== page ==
Medical devices major,
St. Jude Medical, Inc.
) recently announced results from a large-scale clinical study of
peripheral nerve stimulus (PNS) of the occipital nerve for managing
pain and disability associated with chronic migraine, a condition
afflicting millions globally. St. Jude's Genesis neurostimulation
system was used for this study.
The results, published online by
, the journal of the International Headache Society (IHC),
demonstrate that the device was safe and effective in reducing the
number of migraine headache days per month and helped improve a
patient's quality of life. Earlier in June 2011, encouraging
preliminary results from this study were presented at the IHC,
which also reported PNS therapy to be beneficial.
The Genesis neurostimulation system works by delivering mild
electrical pulse to leads placed under the skin at the back of the
head, stimulating the occipital nerves. The device has already
received European as well as Australian approval to treat patients
with intractable chronic migraine.
Per the results of the clinical study, 157 patients treated across
15 medical centers in the U.S., with severe headache for roughly 21
days per month, reported an average of 6 lesser headache days per
month after receiving the PNS therapy for 12 weeks. Moreover,
disability score improved by 43% based on the Migraine Disability
Assessment questionnaire (MIDAS).
In addition, participants reported 42% advancement in pain relief
and 52% rated their relief as either good or excellent. However,
adverse effects such as pain and/or numbness at the implant site,
succeeded by lead migration plagued some of the patients.
Nonetheless, these were classified as mild or moderate in terms of
severity in most of the cases.
The Genesis system earlier was a part of the Neuromodulation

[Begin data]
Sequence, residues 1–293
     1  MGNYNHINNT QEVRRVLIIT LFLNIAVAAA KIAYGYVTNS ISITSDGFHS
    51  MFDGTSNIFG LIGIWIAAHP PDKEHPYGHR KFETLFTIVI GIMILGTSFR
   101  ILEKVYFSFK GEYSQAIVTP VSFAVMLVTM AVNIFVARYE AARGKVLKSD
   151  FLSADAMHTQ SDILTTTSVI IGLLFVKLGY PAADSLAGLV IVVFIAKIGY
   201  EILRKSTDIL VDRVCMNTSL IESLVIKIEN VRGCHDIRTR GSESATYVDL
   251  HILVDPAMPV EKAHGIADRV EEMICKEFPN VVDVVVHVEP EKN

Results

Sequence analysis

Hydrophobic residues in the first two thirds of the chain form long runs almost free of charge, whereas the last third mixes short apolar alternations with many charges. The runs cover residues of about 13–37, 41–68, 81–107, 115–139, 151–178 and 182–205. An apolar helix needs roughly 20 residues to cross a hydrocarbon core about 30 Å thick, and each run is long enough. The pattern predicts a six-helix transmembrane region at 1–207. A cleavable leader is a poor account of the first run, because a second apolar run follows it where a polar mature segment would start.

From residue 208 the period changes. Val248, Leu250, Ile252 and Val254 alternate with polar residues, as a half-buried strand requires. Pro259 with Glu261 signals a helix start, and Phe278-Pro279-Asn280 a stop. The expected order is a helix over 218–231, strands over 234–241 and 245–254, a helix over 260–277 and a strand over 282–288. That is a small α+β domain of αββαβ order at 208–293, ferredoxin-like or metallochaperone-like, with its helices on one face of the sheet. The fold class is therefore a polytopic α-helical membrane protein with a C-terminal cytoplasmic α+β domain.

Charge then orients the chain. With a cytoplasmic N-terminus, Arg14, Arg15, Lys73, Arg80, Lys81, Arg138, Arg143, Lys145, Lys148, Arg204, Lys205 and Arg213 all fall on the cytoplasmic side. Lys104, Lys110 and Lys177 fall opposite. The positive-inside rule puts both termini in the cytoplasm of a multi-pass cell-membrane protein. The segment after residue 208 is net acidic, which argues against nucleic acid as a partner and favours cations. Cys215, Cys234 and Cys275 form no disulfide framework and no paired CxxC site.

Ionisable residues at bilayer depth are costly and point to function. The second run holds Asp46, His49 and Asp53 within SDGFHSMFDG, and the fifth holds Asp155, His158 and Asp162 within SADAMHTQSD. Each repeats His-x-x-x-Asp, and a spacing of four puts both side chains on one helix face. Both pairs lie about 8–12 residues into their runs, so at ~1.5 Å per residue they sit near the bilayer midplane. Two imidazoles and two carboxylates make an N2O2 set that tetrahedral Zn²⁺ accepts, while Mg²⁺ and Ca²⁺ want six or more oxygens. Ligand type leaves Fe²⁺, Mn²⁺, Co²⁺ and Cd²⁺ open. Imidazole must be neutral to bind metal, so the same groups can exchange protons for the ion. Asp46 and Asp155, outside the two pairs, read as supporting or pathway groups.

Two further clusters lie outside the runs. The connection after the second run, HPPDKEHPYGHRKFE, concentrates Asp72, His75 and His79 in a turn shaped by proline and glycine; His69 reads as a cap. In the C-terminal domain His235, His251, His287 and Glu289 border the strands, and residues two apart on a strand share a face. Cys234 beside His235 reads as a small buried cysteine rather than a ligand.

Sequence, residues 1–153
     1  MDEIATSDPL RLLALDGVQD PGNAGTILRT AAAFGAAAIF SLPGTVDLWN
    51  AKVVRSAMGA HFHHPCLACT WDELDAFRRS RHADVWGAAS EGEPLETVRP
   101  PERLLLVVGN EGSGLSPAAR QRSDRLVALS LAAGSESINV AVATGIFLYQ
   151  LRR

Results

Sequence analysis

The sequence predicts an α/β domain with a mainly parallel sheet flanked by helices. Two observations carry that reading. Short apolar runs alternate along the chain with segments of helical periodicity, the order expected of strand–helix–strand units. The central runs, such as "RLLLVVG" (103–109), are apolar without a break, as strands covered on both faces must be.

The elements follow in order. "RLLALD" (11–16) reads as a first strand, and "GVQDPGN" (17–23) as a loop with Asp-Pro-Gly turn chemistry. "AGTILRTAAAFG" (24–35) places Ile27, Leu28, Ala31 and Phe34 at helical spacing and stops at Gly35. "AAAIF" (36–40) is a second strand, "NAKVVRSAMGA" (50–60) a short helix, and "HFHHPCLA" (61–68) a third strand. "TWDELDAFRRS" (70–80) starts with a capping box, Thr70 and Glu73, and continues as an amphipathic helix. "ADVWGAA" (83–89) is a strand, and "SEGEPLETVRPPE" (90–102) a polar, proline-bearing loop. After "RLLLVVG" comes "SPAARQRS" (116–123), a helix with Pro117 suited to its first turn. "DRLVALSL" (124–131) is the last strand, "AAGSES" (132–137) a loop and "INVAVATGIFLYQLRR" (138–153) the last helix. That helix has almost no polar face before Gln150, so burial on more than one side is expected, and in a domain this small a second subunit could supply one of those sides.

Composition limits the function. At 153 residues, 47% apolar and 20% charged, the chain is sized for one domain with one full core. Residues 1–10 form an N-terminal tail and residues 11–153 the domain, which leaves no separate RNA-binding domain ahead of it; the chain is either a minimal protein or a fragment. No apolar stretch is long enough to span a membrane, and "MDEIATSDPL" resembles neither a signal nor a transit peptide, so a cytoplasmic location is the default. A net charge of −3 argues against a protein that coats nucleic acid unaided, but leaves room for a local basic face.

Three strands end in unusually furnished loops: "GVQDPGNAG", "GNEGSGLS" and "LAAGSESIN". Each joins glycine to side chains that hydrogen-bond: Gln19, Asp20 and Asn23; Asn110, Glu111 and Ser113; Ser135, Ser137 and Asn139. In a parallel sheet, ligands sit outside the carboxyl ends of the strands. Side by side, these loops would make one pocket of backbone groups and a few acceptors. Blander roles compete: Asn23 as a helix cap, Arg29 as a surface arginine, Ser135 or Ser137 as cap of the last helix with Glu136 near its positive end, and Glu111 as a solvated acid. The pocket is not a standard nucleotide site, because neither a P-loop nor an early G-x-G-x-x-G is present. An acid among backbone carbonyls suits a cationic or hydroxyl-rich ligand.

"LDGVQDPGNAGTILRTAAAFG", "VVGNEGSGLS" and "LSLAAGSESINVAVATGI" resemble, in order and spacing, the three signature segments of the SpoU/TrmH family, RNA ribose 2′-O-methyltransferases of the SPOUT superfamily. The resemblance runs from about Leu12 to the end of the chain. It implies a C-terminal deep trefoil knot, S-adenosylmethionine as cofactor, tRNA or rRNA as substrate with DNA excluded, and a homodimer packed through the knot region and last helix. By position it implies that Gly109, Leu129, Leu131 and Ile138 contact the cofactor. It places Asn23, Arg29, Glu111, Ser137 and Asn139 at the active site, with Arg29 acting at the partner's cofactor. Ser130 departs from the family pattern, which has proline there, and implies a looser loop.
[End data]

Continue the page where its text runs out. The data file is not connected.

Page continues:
("NMD") business of St. Jude. However, the company recently
combined its Cardiac Rhythm Management ("CRM") Division and the NMD
Division to form the Implantable Electronic Systems Division
("IESD"). The latest positive data from the study regarding Genesis
neurostimulators are likely to further boost IESD's product sales.
St. Jude's Neuromodulation revenues are growing steadily,
benefiting from new spinal cord and Parkinson's disease devices as
well as sustained adoption of the Eon Mini implantable
neurostimulator. In the last reported second quarter of 2012,
Neuromodulation sales increased 2%, (up 5% in constant currency)
year over year to $106 million.
With a market cap of $13.63 billion, St. Jude is a leading medical
device manufacturer with a solid rate of growth over the past
decade. We are impressed by its solid fundamentals, healthy growth
trajectory, strong product mix, robust pipeline and cost management
While a host of new growth drivers, including new products and cost
saving measures, are expected to boost results in 2013 and beyond,
we remain cautious about the increased competition, weakening Euro,
the soft CRM market and the overall tough macroeconomic conditions.
A still choppy CRM space overhangs on St. Jude and its peers
Boston Scientific Corporation
). We currently have a Neutral recommendation on St. Jude, which
carries a short-term Zacks #3 Rank (Hold rating).
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